In the next week I'm going to mix it up a little... gonna go more mid-80's with a feature w/shares from one of my all-time favorite DJ's Admiral Bailey and later we're going to go real old school with some Studio One ska courtesy of the Clarendonians... stay tuned!

Tappa Zukie - Living In The Ghetto

Friday, May 12, 2006

Ranking Joe Inna Combination Style On Waistline

Ranking Joe (born Joseph Jackson, 1959) got into the music business as a youth originally calling himself DJ Jolly. At 15 he went to Studio One where he received a name change to Little Joe and cut "Gun Court," his first hit for Coxsone. As with most DJs of the day he spent a considerable amount of time bouncing from one studio and producer to another cutting tracks for anyone who wanted him. In the mid 70's he hooked up with U-Roy's King Stur Gav Hi Fi and it was there he developed his trademark tongue twisting delivery. It's beginning to sound like a broken record with me but here goes... Ranking Joe went on to further success with Junjo Lawes in the early 80's with the LP "Saturday Night Jamboree" released internationally on Greensleeves.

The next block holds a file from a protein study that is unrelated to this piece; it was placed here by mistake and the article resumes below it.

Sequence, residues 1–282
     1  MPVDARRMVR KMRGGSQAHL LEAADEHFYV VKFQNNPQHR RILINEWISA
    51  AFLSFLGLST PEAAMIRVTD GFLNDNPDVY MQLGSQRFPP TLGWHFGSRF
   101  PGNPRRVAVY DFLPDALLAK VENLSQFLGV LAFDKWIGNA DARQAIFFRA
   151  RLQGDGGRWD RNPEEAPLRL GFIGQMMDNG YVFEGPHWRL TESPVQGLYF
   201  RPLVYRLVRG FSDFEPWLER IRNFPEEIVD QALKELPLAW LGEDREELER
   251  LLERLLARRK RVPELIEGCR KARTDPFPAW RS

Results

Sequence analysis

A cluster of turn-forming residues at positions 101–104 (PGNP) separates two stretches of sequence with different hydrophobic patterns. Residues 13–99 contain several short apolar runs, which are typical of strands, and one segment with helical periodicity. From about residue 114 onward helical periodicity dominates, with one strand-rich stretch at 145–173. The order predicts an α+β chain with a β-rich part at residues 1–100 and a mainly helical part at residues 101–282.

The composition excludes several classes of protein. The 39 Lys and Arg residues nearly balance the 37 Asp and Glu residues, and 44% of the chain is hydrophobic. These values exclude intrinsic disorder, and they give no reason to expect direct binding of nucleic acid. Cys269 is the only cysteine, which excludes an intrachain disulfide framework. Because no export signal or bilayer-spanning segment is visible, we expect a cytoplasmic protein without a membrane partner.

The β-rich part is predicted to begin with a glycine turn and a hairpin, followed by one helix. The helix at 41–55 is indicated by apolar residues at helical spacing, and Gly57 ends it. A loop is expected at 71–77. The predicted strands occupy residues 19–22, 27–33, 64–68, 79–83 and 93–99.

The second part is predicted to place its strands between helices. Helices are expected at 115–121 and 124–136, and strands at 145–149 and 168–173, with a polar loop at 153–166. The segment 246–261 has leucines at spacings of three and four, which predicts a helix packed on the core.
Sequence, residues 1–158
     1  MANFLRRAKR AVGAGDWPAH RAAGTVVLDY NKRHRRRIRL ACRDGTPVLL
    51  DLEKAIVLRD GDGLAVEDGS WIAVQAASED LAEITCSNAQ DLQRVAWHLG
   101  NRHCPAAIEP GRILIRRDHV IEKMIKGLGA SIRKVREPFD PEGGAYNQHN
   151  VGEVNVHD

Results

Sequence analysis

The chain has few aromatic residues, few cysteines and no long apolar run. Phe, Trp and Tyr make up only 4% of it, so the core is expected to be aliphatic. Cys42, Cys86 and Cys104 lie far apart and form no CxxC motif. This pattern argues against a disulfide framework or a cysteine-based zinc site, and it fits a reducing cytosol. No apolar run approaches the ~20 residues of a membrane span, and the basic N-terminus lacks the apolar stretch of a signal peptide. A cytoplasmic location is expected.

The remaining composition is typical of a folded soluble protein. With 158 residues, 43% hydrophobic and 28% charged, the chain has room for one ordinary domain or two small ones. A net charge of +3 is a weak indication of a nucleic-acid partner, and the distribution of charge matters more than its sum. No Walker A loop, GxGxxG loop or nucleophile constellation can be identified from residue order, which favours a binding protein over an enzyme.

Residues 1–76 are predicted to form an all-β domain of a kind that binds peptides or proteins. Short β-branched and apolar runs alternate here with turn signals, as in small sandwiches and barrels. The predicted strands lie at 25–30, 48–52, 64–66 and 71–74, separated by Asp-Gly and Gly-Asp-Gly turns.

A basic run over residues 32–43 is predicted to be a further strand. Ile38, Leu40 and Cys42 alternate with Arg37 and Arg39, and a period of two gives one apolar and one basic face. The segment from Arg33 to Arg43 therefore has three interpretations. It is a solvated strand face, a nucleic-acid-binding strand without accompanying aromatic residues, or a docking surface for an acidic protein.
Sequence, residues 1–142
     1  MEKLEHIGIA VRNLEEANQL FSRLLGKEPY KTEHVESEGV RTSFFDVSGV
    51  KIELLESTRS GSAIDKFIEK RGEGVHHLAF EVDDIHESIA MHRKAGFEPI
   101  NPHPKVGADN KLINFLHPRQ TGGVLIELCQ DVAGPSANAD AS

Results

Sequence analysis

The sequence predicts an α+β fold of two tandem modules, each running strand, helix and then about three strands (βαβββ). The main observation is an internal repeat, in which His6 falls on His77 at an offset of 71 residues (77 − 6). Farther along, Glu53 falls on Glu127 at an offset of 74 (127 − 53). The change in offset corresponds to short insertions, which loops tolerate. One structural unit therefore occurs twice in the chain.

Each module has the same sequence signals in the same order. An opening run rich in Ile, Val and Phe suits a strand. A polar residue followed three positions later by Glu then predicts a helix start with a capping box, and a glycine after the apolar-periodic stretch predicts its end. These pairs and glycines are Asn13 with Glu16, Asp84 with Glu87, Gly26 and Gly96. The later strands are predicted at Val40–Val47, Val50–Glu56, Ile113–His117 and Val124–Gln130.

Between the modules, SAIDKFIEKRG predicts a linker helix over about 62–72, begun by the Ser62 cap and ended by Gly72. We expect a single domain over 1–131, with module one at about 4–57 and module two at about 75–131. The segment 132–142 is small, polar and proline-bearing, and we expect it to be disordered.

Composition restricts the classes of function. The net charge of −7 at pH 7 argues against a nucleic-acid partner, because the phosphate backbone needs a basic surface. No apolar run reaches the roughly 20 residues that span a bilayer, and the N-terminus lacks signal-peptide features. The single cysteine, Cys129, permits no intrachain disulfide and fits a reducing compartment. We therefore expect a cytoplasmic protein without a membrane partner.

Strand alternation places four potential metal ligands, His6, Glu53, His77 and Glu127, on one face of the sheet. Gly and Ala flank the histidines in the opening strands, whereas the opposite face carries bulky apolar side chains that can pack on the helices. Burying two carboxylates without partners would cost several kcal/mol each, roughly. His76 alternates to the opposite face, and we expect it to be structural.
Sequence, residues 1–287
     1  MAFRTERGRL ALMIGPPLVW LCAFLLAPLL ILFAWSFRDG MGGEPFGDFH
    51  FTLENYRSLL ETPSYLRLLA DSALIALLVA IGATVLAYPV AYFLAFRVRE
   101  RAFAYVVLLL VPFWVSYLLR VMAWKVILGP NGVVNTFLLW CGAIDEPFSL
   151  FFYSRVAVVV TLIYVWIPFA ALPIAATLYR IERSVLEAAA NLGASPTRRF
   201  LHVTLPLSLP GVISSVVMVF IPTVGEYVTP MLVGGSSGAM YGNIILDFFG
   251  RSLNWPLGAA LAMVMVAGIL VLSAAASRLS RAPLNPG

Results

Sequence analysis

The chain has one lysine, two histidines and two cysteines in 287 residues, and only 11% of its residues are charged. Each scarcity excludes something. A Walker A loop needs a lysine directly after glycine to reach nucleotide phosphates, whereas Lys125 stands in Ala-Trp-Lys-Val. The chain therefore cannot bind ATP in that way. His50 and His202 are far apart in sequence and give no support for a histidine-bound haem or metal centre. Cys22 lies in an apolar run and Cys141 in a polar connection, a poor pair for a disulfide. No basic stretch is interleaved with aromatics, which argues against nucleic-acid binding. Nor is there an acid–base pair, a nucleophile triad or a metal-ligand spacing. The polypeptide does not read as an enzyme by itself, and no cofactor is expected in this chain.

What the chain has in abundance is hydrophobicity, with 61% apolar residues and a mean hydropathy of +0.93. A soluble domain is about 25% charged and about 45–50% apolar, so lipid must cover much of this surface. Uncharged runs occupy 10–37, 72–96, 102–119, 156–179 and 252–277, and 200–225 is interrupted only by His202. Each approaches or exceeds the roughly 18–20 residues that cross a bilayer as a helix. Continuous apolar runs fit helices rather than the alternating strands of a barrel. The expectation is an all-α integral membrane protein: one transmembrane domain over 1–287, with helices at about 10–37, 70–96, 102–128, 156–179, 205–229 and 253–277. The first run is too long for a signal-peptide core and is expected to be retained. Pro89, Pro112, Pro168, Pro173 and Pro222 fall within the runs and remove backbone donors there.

I've got a decent amount of Ranking Joe's better known music but when I decided to do this post I really wanted to share something the majority of listeners might not have heard. I came across these two singles "They Don't Know" and "Sing Along" on the back of the bottom shelf and at realized I had forgotten all about them and how nice they are... then I knew that they would work perfectly.